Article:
Standard protocols go a long way to promote interoperability. While the schema for representing an LDAP referral can vary from vendor to vendor, the method of returning referral information to clients is defined as part of the core LDAPv3 protocol. This means that LDAP servers from various vendors can be linked into a single, logical, distributed directory.
But why go through all the trouble of building a multivendor directory? Why not settle on a single LDAP vendor, who has no doubt made it easy to build distributed directories by developing schemas to represent referrals and solving other problems that aren't addressed by the standards? And, as I've said elsewhere, we shouldn't use technologies just because they're there; if LDAP doesn't make life easier for us as administrators, and for the users of our systems, there's little point going through the effort of setting up an LDAP directory at all, let alone a distributed, multivendor directory.
However, sooner or later a single-vendor directory will force you to make decisions that you're uncomfortable with. Let's assume that you're adding a new application server, such as a calendaring system, at your site. This server is backed by an LDAP directory and requires certain protocol extensions from the directory. Naturally, the vendor has tested the application server with a particular LDAP server in mind?perhaps the vendor even sells an LDAP product (which, of course, is guaranteed to work with the calendar server). But as fate would have it, you've already invested a lot of time and effort in building an LDAP directory, and the directory server that supports the calendar server is not the directory server you've spent so much effort deploying. In this case, there are three possible solutions:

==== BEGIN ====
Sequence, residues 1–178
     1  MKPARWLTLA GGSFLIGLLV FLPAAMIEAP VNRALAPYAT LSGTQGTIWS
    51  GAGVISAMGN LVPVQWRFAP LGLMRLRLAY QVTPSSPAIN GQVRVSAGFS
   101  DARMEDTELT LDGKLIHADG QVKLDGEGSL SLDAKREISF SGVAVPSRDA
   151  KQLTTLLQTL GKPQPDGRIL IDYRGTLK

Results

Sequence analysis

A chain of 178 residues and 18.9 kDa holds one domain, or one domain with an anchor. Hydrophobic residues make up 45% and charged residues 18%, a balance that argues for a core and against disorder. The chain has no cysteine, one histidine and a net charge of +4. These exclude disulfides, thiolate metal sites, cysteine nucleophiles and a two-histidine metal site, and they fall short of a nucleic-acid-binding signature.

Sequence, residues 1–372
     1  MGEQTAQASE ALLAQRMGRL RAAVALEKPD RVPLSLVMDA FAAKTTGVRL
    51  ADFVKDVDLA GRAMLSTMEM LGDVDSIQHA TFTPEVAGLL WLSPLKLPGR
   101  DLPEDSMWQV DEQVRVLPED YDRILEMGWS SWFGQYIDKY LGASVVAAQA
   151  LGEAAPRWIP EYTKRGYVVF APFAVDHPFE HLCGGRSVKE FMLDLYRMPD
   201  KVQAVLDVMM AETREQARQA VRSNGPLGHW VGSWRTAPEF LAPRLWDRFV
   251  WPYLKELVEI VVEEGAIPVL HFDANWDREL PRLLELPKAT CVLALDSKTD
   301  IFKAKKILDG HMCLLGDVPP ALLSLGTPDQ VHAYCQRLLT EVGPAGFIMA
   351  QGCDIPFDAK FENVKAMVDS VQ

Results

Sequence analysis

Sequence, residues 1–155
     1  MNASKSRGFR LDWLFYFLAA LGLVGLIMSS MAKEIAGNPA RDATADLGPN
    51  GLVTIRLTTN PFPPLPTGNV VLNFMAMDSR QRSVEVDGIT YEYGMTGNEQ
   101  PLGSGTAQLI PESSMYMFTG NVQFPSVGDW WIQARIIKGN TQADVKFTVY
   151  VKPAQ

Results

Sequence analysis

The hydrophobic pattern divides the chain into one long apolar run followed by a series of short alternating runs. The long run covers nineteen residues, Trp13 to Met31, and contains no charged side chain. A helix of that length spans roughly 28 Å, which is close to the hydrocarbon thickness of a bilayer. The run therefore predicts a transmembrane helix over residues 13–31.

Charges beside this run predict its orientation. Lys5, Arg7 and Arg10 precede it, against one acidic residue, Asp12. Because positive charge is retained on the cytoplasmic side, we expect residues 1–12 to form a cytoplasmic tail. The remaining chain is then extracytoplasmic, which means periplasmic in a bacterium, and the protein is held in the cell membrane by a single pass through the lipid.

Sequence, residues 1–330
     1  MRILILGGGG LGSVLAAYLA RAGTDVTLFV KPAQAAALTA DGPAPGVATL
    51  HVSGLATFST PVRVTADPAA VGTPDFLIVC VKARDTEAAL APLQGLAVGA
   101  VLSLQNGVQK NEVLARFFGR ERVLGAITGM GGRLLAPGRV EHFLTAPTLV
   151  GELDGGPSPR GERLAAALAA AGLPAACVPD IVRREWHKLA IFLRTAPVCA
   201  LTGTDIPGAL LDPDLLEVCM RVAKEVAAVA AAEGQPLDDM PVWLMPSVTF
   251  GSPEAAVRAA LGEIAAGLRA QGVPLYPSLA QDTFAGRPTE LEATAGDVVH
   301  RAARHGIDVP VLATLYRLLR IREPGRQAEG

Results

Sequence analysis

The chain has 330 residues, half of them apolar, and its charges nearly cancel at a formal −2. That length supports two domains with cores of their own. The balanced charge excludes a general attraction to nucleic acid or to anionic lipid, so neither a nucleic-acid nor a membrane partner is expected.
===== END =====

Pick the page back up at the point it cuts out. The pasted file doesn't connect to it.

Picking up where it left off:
Abandon the calendar server, since it is not supported by your existing LDAP server. However, you're probably installing the server because management wants you to do so; saying no probably isn't an option.
Replace the existing directory with one that supports the calendar service. This solution probably doesn't involve throwing out all the work you did getting your directory service running?but you will have to redo a lot of it. And what happens the next time you're told to install an application that talks to an LDAP server? Will it be compatible with the server you've installed for the sake of the calendar service? It's clear that this isn't really an option, unless you want to spend your career playing "musical servers."
Install a new LDAP server that supports the calendar application and include it as a subtree of your existing directory framework.
The last option is really the only option that makes sense. It allows you to augment, rather than replace, the directory infrastructure you've already built. Furthermore, sooner or later you will be forced to incorporate different LDAP servers into your network. The goal of standardization is to enable clients developed by one company to access servers developed by another; and even if this is presently a goal rather than a reality, your life will be easier if you work with this goal in mind.